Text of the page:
"Text discovered in a nonpoetic setting, removed from its context, and presented as a poem." That's from the poetry dictionary (2nd edition) by John Drury. Here's an example:
in a nonpoetic
from its context
as a poem.
In the back of my trusty children's book (which I heartily recommend for anyone who wants to write using forms), A Kick in the Head: An Everyday Guide to Poetic Forms by Paul B. Janeczko (go out and buy it already!!), the first lines of explanation echo my thoughts exactly:
"Some people will tell you that a found poem is not really a poem." Janeczko goes on to say that it's worth exploring nonetheless. It's taking someone else's words which were NEVER intended as poetry, and then arranging the words and phrases on the page in such a way as to make it seem like an actual poem.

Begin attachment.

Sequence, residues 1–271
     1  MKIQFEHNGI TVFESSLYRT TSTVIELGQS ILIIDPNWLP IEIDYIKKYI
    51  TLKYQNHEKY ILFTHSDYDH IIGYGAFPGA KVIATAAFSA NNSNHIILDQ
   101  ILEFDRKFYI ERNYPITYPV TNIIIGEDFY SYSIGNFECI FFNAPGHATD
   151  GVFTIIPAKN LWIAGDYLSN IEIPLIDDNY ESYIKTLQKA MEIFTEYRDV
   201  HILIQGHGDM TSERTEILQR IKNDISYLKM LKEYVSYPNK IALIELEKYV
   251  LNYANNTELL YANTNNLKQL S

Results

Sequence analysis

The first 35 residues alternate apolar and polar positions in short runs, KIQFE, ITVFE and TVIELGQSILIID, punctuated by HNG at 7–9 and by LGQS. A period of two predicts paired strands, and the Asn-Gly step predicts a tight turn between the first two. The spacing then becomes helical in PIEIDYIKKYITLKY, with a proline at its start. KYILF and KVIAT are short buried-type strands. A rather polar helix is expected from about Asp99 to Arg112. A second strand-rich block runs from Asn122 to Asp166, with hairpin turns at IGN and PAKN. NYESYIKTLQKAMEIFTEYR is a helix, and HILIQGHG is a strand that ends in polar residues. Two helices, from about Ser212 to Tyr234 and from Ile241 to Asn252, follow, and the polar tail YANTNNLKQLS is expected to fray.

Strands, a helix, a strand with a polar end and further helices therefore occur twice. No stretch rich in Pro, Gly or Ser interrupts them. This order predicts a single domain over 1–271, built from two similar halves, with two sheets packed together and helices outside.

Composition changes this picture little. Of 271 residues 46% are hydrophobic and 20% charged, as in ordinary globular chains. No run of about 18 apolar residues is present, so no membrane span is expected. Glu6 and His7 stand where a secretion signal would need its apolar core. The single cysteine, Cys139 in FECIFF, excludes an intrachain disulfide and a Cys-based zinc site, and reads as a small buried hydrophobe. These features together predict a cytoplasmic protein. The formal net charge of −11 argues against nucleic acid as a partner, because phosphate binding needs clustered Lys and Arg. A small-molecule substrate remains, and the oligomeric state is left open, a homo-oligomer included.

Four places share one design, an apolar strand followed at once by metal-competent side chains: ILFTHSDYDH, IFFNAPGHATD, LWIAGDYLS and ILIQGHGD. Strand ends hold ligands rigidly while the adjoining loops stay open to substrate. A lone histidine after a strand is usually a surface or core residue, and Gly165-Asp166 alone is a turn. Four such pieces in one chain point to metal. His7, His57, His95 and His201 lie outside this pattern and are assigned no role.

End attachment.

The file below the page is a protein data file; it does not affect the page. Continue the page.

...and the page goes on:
If you choose to undertake the creation of a found poem as an exercise, I suggest that you find someone who writes beautiful and/or interesting sentences, as opposed to using something from the U.S. Office of Management and Budget report, although that would certainly prove a more, uh, challenging task.
A Kick in the Head includes a quasi-found poem by Georgia Heard called "The Paper Trail," in which she describes seeing slips of paper wafting to the ground on September 11, 2001, and includes descriptions and quotes from some of the pieces and scraps. This poem is not technically a found poem at all, but is an example of using pieces that were quite literally found on the street as a jumping off point to create another poem entirely.
For a more truly "found" poem, check out the one on The Poetry Page under "Found Poetry", where an article from the Toronto Sun about Kurt Browning's fall during the Olympics became a poem.